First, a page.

Time for a Tune-Up?

17 01 2011

The start of a fresh year is a clean slate, especially when it comes to our health. We’re making resolutions to exercise more, eat a little better, seek more relaxation. It can be a great opportunity to make those appointments that we’ve been putting off. January marks Cervical Health Month,  and it’s a nice reminder to get a check-up, ahem, down there.

PKIDs has several blogs and pods on HPV and cervical cancer if you want to find out what the big deal is, and it’s a pretty big deal.  Any of us can be at risk for STDs or cancer. Learning how to prevent infection is key to staying in control of our bodies.

The HPV vaccine gives us that control. In addition to preventing infection with many strains of HPV that can cause cervical cancer, it helps prevent STDs and anal cancer for both women and men .

There’s a lot of stuff to keep up with in our lives. At the start of a new year, it’s overwhelming!  Taking control of our own health by getting vaccinated to prevent disease is something we can easily do. Let’s make 2011 our healthiest year yet!





CDC’s Pre-teen Vaccine Campaign!

13 11 2009

CDC wants folks to know about these educational materials, so we’re doing the viral thing and passing this blurb along.  Hope you do the same:

Pre-teens Need Vaccination Too!

With school in full swing and winter just around the corner, now is a great time for parents of 11 and 12 year olds to get their kids vaccinated against serious diseases such as whooping cough, meningitis, influenza, and, for girls, cervical cancer.

CDC recommends that pre-teens should receive the following:
• Tdap vaccine – combined protection against tetanus, diphtheria and pertussis
• Meningococcal  vaccine  – protection against meningitis and its complications
• Seasonal and H1N1 flu vaccines – protection against seasonal and H1N1 influenza viruses
• For girls, HPV vaccines to protect against the two types of human papillomavirus that cause up to 70% of cervical cancers. Each year, almost 4,000 women in the U.S. die of cervical cancer.

These recommendations are supported by the American Academy of Pediatrics, the American Academy of Family Physicians, and the Society for Adolescent Medicine.

One of two available HPV vaccines also protects against warts in the genital area, and boys and men up through age 26 can get this vaccine.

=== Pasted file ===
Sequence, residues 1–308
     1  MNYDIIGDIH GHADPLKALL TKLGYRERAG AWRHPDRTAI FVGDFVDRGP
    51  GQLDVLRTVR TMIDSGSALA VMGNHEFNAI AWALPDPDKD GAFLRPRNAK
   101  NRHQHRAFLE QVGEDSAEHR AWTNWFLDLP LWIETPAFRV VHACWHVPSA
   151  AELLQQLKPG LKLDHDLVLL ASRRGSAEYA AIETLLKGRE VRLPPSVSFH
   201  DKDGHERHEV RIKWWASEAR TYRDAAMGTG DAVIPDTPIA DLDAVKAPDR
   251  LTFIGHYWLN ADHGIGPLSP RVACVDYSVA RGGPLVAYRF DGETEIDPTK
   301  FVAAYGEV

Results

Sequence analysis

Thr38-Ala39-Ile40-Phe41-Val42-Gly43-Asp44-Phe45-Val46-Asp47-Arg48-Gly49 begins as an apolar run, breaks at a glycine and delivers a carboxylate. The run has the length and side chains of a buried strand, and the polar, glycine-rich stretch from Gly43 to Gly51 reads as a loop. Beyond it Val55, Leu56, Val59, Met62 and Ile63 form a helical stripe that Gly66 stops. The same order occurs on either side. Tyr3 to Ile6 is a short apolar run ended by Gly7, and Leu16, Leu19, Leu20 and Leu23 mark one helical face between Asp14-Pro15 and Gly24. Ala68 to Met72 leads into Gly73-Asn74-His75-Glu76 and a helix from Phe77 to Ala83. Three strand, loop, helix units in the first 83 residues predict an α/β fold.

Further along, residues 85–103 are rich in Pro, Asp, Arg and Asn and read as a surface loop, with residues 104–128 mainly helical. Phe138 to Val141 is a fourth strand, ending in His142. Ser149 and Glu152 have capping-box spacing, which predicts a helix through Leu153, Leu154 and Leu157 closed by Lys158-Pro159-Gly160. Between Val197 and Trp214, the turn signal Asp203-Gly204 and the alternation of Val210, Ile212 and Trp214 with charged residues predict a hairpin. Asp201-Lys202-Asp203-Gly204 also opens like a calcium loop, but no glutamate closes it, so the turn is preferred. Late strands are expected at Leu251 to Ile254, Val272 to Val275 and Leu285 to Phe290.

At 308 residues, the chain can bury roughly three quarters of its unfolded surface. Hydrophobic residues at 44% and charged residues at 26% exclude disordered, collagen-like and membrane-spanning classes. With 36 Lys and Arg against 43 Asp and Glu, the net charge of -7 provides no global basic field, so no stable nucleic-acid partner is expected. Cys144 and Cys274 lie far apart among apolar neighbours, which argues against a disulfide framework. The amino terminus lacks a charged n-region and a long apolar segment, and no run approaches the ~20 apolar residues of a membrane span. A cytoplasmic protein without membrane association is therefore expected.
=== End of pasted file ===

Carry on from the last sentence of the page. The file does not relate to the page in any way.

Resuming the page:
CDC’s Pre-teen Vaccine Campaign has educational materials tailored for various audiences, including Caucasian, African-American, Hispanic, Asian American, and Native American parents, available in English, Spanish, Korean, and Vietnamese.

Visit the Pre-teen Vaccine Campaign gallery to download or order materials at NO COST.

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Gardasil Label Revised

12 06 2009

This week, the FDA’s Center for Biologics Evaluation and Research (CBER) revised Gardasil’s label.

Gardasil is a vaccine to prevent certain cancers and genital warts caused by some types of human papillomavirus (HPV).

The change is in the warnings and precautions section.  It indicates that those who’ve received the vaccine may faint and sometimes will have “tonic-clonic” (jerking) movements and seizure-like activity.

Some women and girls faint after they get this vaccine and when they do, they drop where they stand.  This has caused injuries.

When you get the vaccine, stay seated or lay down for several minutes in case you’re one of the few who faint upon receipt of the vaccine.

It’s not thought that an ingredient in this particular vaccine is causing fainting.  People faint with other meds, vaccines and under a host of other circumstances.

The FDA website has more on this label change.  Info about fainting following vaccination can be found in the MMWR and the revised Gardasil package insert can be found online as well.





Christine Baze’s Yellow Umbrella!

21 05 2009

Christine Baze talks about being a cervical cancer survivor and saving the “hooch!”

Christine Savin' the Hooch!

Christine Savin' the Hooch!

 

www.theyellowumbrella.org

Listen now!

Right-click here to download podcast (12mb/25min)